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Obes Res. 2004 Jan;12(1):119-24.

Plasma adiponectin levels and metabolic factors in nondiabetic adolescents.

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1
Department of Family Medicine, National Taiwan University Hospital, Taipei, Taiwan.

Abstract

OBJECTIVES:

The relationship of plasma adiponectin levels with various anthropometric and metabolic factors has been surveyed extensively in adults. However, how plasma adiponectin levels are related to various anthropometric indices and cardiovascular risk factors in adolescents is not as vigorously studied. In this study, we investigated this among healthy nondiabetic adolescents.

RESEARCH METHODS AND PROCEDURES:

Two hundred thirty nondiabetic subjects (125 boys and 105 girls, approximately 10 to 19 years old) were included. The plasma adiponectin, fasting plasma glucose, insulin, lipids and anthropometric indices including body height, weight, waist circumference, and hip circumference were examined. Body fat mass (FM) and percentage were obtained from DXA scan. The homeostasis model assessment was applied to estimate the degree of insulin resistance.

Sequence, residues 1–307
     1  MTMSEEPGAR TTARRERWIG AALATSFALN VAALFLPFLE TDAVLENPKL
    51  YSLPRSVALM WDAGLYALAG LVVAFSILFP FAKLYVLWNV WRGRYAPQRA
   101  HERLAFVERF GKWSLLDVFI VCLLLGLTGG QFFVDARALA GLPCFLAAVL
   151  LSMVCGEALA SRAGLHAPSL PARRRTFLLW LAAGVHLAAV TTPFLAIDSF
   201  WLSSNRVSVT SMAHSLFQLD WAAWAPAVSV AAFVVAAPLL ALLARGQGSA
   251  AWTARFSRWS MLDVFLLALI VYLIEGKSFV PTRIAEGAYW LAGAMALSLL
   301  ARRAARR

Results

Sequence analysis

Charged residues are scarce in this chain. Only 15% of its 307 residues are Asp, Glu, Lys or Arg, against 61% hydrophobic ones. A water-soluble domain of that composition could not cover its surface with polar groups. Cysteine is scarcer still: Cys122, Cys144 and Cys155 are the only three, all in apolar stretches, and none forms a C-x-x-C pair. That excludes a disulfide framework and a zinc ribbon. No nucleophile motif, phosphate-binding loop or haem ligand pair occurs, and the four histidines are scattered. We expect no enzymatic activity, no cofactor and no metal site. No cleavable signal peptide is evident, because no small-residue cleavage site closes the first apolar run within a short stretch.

RESULTS:

The plasma adiponectin levels were significantly higher in girls (30.79 +/- 14.48 micro g/mL) than boys (22.87 +/- 11.41 micro g/mL). The plasma adiponectin levels were negatively related to BMI, FM, FM percentage, waist circumference, waist-to-hip ratio, insulin resistance, plasma insulin, triglycerides, and uric acid levels, but positively with high-density lipoprotein cholesterol (HDL-C) with the adjustment for age and gender. Using different multivariate linear regression models, only age and HDL-C were consistently related to the plasma adiponectin levels after adjustment for the other variables.

DISCUSSION:

The relationship between plasma adiponectin and various anthropometric indices and metabolic factors, especially HDL-C, previously reported in adults was present in the healthy nondiabetic adolescents. Whether variation of plasma adiponectin levels in healthy nondiabetic adolescents may influence their future coronary artery disease risk warrants further investigation.

PMID:
14742850
DOI:
10.1038/oby.2004.16
[Indexed for MEDLINE]
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